Volcano watch

The US Geological Survey has good news for holiday air travelers. There's much less risk of flying into a dangerous volcanic dust cloud than there was a year ago.

Thomas Casadevall from the USGS Reston, Va. office explains that a much needed global volcano monitoring and warning network is coming into operation. The United States unit, located in Alaska, already gives coverage for North and Central America and some of South America. And its advisories are becoming a routine part of pilots' preflight briefings.

Dr. Casadevall told a meeting of the American Geophysical Union last week he expects the worldwide network to be fully functional by holiday travel time next year.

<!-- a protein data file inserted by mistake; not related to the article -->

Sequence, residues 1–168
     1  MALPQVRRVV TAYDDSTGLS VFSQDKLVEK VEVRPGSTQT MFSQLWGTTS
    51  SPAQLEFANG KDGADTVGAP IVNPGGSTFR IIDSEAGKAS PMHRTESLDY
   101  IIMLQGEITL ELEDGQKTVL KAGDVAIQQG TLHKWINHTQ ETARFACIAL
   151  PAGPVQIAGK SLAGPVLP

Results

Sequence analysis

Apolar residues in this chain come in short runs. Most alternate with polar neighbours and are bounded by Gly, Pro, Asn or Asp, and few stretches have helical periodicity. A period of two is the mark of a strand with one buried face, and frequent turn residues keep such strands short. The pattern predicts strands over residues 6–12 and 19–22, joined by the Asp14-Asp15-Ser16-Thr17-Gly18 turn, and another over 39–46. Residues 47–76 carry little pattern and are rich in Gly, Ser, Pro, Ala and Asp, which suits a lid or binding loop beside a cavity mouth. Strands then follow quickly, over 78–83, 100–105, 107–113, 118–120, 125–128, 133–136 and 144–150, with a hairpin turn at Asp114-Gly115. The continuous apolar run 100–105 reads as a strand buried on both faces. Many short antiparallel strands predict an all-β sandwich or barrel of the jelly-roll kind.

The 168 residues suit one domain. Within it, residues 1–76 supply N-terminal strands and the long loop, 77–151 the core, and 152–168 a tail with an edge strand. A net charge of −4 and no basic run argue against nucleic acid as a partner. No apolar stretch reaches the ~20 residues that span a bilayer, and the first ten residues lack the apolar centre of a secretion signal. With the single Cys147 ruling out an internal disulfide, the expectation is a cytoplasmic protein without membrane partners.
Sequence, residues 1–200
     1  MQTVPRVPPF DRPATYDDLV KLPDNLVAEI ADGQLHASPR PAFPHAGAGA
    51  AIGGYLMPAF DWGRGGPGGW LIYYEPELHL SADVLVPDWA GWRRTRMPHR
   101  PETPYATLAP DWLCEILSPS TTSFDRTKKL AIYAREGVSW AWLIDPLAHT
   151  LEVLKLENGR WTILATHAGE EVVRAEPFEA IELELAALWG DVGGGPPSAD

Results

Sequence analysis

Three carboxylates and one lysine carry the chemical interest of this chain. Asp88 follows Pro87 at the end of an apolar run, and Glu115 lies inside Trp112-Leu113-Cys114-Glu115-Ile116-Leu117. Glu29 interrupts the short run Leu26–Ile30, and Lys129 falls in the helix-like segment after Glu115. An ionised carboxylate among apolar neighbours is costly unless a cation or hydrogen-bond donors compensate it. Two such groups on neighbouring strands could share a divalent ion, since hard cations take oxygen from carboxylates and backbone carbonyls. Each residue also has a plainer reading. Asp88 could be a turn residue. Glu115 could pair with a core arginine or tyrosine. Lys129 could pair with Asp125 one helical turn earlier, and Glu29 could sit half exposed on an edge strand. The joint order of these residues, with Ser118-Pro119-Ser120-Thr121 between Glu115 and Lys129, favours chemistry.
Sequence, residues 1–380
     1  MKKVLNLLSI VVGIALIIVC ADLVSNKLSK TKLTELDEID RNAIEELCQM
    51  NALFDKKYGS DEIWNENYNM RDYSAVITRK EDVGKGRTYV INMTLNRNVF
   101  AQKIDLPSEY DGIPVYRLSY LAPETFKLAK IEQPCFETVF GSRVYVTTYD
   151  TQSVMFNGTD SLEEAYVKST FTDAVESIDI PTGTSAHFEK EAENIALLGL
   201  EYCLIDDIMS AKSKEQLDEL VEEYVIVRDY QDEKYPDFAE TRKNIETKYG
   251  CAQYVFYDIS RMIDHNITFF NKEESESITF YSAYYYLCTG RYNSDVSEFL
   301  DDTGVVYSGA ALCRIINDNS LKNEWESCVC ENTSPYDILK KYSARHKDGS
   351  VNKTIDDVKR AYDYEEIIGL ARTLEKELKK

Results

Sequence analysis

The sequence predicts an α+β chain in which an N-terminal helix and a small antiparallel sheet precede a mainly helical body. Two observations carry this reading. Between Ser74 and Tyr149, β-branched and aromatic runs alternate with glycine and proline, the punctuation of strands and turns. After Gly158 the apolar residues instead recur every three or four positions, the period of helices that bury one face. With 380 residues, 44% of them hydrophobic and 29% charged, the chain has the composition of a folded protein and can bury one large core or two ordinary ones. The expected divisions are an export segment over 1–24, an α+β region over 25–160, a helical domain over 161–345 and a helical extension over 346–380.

The volcano watchers use a combination of satellite surveillance and ground instruments located at active volcanoes. These help volcanologists forecast eruptions as well as spot eruptions in progress.

Volcanic dust clouds are hard to see. They may look like ordinary water clouds and may be invisible at night. Aircraft radar does not detect them and pilots can fly into them unwittingly. Casadevall said there have been 100 damaging dust cloud incidents over the past 25 years.

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